In the interest of protecting the nation’s health, it is time to socially distance ourselves from the crazy things that President Trump keeps saying.

I’ve been an enthusiastic advocate of bringing back the daily White House briefings, which Trump’s team had basically quit holding some time around the middle of 2018. So I am relieved to see they have resumed and hope they will continue once the coronavirus crisis has passed.

But not the way they are being conducted now, which is as a substitute for the rallies Trump can no longer hold.

As a former White House reporter myself, I respect, in principle, that everything a president says is news. When he speaks, journalists must take note. Those on the social media sidelines who urge that news organizations boycott the briefing room are simply wrong.

The real question is how to report what a president says when it is disconnected from reality.

During these daily briefings, Trump has lied that the virus is “something that we have tremendous control over.” He has promoted an unproven drug treatment for combating the infection. He rewrites the history of the epidemic to make his own performance look better (“I felt it was a pandemic long before it was called a pandemic”). He erupts at individual journalists (“You’re a terrible reporter”). He plays the victim (“It costs me billions and billions of dollars to be president”).

In other words, the briefing has become a sort of live-action version of Trump’s Twitter feed. He is spreading misinformation that could actually put people’s lives in danger.

So the first thing that should happen is this: The networks, with the exception of C-SPAN, should quit carrying the briefings live. On Monday night, nearly all of them went halfway there and cut away when the session began running off the rails. Only Fox News carried the whole thing.

Let’s all hit the pause button and make sure that what we give our readers and viewers is the whole story. This is something two former White House press secretaries — Mike McCurry, who held the job under Democrat Bill Clinton, and Ari Fleischer, who did it under Republican George W. Bush — recommended all the way back in 2017.

They wrote in the Columbia Journalism Review: “If the briefing is ‘embargoed’ until its conclusion, it will become just one of several raw ingredients that journalists can use to prepare their reports on the work of the president and the White House. It would instantly become a toned-down briefing, and reporters would use the information from the briefing and test it against other sources as they prepare coverage.”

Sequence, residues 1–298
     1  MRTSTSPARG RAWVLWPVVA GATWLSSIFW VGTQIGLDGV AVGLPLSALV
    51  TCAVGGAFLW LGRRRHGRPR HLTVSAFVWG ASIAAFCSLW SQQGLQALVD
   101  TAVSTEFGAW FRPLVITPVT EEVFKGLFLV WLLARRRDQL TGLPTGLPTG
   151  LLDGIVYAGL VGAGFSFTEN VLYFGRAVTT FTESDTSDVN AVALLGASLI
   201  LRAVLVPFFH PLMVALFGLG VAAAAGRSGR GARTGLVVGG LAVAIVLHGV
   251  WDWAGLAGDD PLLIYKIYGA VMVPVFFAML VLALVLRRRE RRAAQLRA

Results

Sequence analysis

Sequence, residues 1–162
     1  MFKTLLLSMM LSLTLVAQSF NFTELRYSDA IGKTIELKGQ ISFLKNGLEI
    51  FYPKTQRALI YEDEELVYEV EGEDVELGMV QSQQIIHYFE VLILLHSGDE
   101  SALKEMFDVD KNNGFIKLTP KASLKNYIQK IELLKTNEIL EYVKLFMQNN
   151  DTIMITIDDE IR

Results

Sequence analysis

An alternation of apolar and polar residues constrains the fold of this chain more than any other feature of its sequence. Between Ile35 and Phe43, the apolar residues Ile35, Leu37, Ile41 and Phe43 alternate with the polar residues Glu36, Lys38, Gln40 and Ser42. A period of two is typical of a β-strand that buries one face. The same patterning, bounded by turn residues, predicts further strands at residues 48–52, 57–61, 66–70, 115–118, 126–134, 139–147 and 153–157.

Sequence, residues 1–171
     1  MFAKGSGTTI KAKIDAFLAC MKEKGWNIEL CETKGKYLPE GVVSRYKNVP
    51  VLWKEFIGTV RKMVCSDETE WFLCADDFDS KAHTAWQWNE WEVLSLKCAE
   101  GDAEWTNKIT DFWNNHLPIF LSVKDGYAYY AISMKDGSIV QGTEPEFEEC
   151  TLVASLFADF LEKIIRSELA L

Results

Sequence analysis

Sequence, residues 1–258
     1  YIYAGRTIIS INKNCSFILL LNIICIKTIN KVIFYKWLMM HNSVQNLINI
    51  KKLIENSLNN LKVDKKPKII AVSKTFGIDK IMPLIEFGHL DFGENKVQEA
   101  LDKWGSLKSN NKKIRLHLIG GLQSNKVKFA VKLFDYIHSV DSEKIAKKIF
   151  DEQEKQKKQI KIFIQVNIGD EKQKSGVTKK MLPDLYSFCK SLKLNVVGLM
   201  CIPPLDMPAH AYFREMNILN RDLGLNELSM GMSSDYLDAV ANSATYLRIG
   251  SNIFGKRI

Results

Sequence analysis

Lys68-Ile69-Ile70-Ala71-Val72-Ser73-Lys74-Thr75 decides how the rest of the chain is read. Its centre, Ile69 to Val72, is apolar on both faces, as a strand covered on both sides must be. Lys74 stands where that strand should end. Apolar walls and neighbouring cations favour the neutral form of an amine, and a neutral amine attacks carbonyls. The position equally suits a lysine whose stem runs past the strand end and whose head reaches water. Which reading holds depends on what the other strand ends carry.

It’s likely that, deprived of the rush he gets from a live television audience, the president will lose interest in showing up in the briefing room. There would be less temptation for reporters to grandstand as well. But on the off chance that Trump continues to appear behind the lectern, there is something else the journalists in the briefing room could do.

Ignore him.

Joe Lockhart, who succeeded McCurry as Clinton’s spokesman, noted that the critical value of these daily sessions is hearing from people who actually know what they are talking about.

“In times of crisis, you should always let the experts lead,” he said. “The main idea is to reassure people and the President isn’t doing that because he’s not an expert.” Briefings might begin with the press secretary or chief of staff giving a brief summary of what Trump is up to — who he met with, what issues he is dealing with — and then turn things over to the most authoritative voices in the room.

Absent a rational process like this, reporters in the room should coordinate on their own to control the flow of questions and hold off asking any political ones until the end.

If the experts are allowed to lay out the facts first, we might also be spared having to watch the pained expressions on their faces as Trump tells whoppers. Anthony S. Fauci, the head of the National Institute of Allergy and Infectious Diseases, has gotten high marks for offering candid assessments at these briefings, but as he noted, it’s not his job to muzzle the president: “I can’t jump in front of the microphone and push him down.”

Finally, journalists should give up thinking that there is anything to be accomplished by confronting Trump on his dissembling or that he will ever admit to making a mistake. “Accountability IS a legitimate aim, but only a politician with a sense of shame can be held accountable by tough questions,” press critic Jay Rosen tweeted a few days ago: “People who think that confronting Donald Trump more forcefully with facts he cannot deny will produce some kind of accountability must never have lived with a malignant narcissist.”

You can’t stop Trump from acting like Trump. But never has it been more crucial for the media to limit the damage he leaves in his wake.

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